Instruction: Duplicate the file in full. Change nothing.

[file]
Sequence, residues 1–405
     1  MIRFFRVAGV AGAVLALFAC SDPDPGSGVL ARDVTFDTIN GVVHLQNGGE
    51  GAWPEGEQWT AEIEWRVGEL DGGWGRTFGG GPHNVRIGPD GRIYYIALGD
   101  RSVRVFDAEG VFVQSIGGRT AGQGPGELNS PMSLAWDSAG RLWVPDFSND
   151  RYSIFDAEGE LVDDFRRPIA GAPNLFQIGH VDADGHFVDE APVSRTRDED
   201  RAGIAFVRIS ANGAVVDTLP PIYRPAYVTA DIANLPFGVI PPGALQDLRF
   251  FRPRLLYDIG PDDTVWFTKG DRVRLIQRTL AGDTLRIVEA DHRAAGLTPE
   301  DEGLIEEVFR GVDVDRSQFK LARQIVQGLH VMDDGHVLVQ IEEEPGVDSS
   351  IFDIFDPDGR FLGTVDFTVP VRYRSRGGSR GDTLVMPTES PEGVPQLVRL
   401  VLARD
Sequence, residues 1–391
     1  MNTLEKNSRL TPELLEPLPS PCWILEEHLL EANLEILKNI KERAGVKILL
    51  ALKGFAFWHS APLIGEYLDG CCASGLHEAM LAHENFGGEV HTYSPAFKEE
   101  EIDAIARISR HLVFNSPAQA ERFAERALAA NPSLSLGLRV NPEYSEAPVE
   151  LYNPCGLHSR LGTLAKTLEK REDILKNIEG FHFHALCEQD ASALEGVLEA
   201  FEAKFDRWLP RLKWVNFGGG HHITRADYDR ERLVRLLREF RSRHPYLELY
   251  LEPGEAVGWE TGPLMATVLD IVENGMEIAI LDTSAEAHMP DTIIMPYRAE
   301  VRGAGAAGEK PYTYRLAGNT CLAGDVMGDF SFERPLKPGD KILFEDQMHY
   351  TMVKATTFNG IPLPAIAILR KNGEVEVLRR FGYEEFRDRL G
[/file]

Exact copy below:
Sequence, residues 1–405
     1  MIRFFRVAGV AGAVLALFAC SDPDPGSGVL ARDVTFDTIN GVVHLQNGGE
    51  GAWPEGEQWT AEIEWRVGEL DGGWGRTFGG GPHNVRIGPD GRIYYIALGD
   101  RSVRVFDAEG VFVQSIGGRT AGQGPGELNS PMSLAWDSAG RLWVPDFSND
   151  RYSIFDAEGE LVDDFRRPIA GAPNLFQIGH VDADGHFVDE APVSRTRDED
   201  RAGIAFVRIS ANGAVVDTLP PIYRPAYVTA DIANLPFGVI PPGALQDLRF
   251  FRPRLLYDIG PDDTVWFTKG DRVRLIQRTL AGDTLRIVEA DHRAAGLTPE
   301  DEGLIEEVFR GVDVDRSQFK LARQIVQGLH VMDDGHVLVQ IEEEPGVDSS
   351  IFDIFDPDGR FLGTVDFTVP VRYRSRGGSR GDTLVMPTES PEGVPQLVRL
   401  VLARD
Sequence, residues 1–391
     1  MNTLEKNSRL TPELLEPLPS PCWILEEHLL EANLEILKNI KERAGVKILL
    51  ALKGFAFWHS APLIGEYLDG CCASGLHEAM LAHENFGGEV HTYSPAFKEE
   101  EIDAIARISR HLVFNSPAQA ERFAERALAA NPSLSLGLRV NPEYSEAPVE
   151  LYNPCGLHSR LGTLAKTLEK REDILKNIEG FHFHALCEQD ASALEGVLEA
   201  FEAKFDRWLP RLKWVNFGGG HHITRADYDR ERLVRLLREF RSRHPYLELY
   251  LEPGEAVGWE TGPLMATVLD IVENGMEIAI LDTSAEAHMP DTIIMPYRAE
   301  VRGAGAAGEK PYTYRLAGNT CLAGDVMGDF SFERPLKPGD KILFEDQMHY
   351  TMVKATTFNG IPLPAIAILR KNGEVEVLRR FGYEEFRDRL G